And just like that, another year comes to an end.
Between ongoing disruptions caused by Covid-19, supply chain complications, and economic uncertainties, 2021 has certainly been eventful. It has also been full of significant changes to the tax law for individuals and businesses.
The end of the calendar year means the beginning of tax season. And while the deadline to file your return may not be until April, there are opportunities you can take advantage of now to reduce your tax liability.
Once 2022 arrives; however, some of these options will be like 2021…they’ll be gone! What’s more, recent adjustments to the tax code have presented both new opportunities and possible pitfalls. So the time is now to start planning your strategy and taking key actions before the end of the year.
Before we continue, it’s essential to understand that you should consider this post a guide to help in your thinking, not as specific advice. If you would like personalized assistance in preparing for tax season, please reach out—we stand ready to help you understand the details and develop your plan for the year ahead.
Having said that, there are some practical tips and critical pieces of information which can give you an idea of how to think about your taxes between now and December 31st.
Read on to discover:
The past year saw far-reaching legislation impact the tax code, from the American Rescue Plan to the Bipartisan Infrastructure Investment and Jobs Act. And with other changes on the horizon (such as the 2017 Tax Cuts and Jobs Act’s adjustments to the tax-deductibility of Research and Development expenditures, which go into effect for tax years after December 31st, 2021), both businesses and individuals will have much to consider going forward.
As of this writing, the proposed Build Back Better Act has yet to pass the Senate. Although Senate leaders are pushing to approve the legislation before Christmas, it remains uncertain what the final version of the law will contain and what effect it will have when it comes to your taxes.
In the meantime, 2021 brought plenty of other changes to consider.
For example, the newly-expanded Child Tax Credit recipients may have to repay some or all of any excess advance payment. This is because the IRS estimated each tax credit amount based on information from previous years, such as income, marital status, or the number of qualifying children. If the information they used to calculate their estimate changed in 2021 (for example, if a recipient’s income level was higher than expected), that estimate could prove incorrect, and the recipient may owe money back.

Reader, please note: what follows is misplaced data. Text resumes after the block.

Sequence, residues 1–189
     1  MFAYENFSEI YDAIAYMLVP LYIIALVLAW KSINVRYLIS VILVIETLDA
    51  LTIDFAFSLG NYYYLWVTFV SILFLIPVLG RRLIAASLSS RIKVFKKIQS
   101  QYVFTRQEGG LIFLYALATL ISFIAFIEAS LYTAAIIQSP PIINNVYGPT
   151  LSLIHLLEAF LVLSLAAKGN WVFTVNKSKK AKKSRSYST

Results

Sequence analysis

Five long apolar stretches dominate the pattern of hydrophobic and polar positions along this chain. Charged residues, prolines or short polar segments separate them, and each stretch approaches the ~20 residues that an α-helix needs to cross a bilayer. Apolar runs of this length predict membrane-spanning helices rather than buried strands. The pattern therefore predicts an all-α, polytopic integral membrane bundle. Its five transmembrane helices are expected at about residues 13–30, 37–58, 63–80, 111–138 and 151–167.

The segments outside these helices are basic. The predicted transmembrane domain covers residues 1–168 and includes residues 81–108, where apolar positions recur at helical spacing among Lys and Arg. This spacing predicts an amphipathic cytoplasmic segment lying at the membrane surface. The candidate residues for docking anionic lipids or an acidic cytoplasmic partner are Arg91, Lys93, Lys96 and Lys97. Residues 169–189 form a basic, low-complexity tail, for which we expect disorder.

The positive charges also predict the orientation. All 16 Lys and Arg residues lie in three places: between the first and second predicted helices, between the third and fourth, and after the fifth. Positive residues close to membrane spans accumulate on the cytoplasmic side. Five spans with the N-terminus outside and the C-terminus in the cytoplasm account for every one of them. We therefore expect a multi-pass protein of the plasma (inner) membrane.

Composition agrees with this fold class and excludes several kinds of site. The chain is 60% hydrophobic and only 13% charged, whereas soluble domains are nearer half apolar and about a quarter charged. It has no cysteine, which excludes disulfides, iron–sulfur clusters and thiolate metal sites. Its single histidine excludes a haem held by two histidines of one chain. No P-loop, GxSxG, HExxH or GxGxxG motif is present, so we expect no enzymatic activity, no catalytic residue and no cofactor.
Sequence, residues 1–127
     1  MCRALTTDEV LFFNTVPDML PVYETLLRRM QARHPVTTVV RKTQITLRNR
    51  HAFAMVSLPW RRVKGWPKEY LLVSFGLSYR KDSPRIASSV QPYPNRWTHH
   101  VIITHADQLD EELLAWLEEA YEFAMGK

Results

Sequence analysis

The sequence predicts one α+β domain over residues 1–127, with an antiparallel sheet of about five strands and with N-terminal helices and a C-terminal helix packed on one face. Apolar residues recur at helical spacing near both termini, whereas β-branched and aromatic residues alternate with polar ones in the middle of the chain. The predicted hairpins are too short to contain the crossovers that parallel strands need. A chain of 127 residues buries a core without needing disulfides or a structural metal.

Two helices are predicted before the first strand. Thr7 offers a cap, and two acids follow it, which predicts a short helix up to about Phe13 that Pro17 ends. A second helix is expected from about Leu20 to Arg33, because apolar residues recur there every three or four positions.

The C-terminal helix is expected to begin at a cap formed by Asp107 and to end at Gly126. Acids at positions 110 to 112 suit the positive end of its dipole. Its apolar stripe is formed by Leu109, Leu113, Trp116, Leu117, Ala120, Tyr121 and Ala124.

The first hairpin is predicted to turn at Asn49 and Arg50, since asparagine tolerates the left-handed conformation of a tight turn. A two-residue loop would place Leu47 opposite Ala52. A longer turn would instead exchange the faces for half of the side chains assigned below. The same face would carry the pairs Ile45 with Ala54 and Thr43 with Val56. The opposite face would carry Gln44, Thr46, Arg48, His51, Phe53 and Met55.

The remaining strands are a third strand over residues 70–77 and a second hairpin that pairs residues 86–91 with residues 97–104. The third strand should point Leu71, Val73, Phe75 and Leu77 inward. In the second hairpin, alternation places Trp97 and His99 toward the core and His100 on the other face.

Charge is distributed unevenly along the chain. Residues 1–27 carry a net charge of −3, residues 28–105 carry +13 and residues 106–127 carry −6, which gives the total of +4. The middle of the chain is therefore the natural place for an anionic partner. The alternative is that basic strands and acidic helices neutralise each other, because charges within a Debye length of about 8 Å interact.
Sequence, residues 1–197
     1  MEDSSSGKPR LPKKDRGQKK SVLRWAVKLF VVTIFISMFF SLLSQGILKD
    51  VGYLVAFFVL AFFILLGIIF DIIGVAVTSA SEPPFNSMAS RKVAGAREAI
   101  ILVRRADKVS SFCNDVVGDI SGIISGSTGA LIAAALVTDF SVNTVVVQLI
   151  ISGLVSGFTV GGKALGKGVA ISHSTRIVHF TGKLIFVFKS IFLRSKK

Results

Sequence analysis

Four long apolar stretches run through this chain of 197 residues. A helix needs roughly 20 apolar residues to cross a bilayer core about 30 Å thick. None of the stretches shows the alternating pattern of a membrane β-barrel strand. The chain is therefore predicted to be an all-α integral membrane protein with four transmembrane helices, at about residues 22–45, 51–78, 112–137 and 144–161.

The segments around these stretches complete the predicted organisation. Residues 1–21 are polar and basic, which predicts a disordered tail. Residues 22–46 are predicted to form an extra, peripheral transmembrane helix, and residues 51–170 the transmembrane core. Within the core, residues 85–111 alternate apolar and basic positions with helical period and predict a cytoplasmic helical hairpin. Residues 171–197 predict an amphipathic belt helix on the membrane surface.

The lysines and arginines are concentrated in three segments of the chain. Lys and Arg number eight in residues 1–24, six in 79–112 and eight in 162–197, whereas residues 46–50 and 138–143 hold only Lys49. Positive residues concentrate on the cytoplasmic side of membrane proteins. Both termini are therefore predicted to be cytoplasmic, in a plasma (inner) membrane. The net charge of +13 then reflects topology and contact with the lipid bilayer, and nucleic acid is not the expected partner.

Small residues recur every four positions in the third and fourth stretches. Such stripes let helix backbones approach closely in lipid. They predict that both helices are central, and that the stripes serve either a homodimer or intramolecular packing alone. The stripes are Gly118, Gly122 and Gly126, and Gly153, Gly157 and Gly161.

Likewise, increased health insurance premiums may have resulted in similar overpayments, which filers may find themselves owing back to the IRS.
Additionally, single filers who don’t itemize their deductions may be able to take advantage of a special write-off for cash donations in 2021. On the other hand, the return of minimum withdrawals from retirement accounts, which had been waived in 2020, could leave some retirees facing severe penalties if they do not withdraw the required amount by December 31st. (For more on minimum withdrawal requirements, visit the IRS’s FAQ page here.)
Finally, the bipartisan infrastructure bill, which became law on November 15th, included tax provisions such as new requirements on cryptocurrency exchanges, the early termination of the Employee Retention Tax Credit, and the extension of pension plan interest rate “smoothing.” (For a more detailed discussion of the tax implications of the infrastructure bill, take a look at our recent article here.)
Beyond these specific changes, what should you keep in mind when considering your year-end tax planning, whether you are an individual or business owner? Let’s start with the former.
There are specific actions individuals can take before the new year to lower their tax bill. But depending on your income level, your strategy may need to change from previous years.
For example, a general rule of thumb for end-of-year tax planning is to defer income and accelerate deductions.
These techniques are often valuable for lowering tax liability. If you defer enough income until next year, you can sometimes qualify for a lower tax bracket. This gives you the benefit of a lower tax rate and access to certain deductions. At the same time, choosing to incur a deductible expense in the current tax year rather than the next one can allow you to deduct more on your return this year.
This rule of thumb still applies to most people. However, high net-worth individuals may need to reconsider using these techniques, as their tax rate is likely to be higher over a certain income level next year. Therefore, some individuals may want to accelerate their income, instead of deferring it, in anticipation of tax reform.
Now that we’ve examined end-of-year tax planning for individuals, what considerations should business owners keep in mind?
Tax planning is always critical for the success of a business. But in such uncertain times, it is more important than ever. Fortunately, many of the same basic principles that apply to individual planning also apply to your business.
For example, if your business income was down, you can consider deferring some of your tax liability to next year, when you will hopefully have bounced back. On the other hand, if your business income went up in 2021, you may want to consider pre-paying some of next year’s bills so that you can become eligible for more tax deductions this year.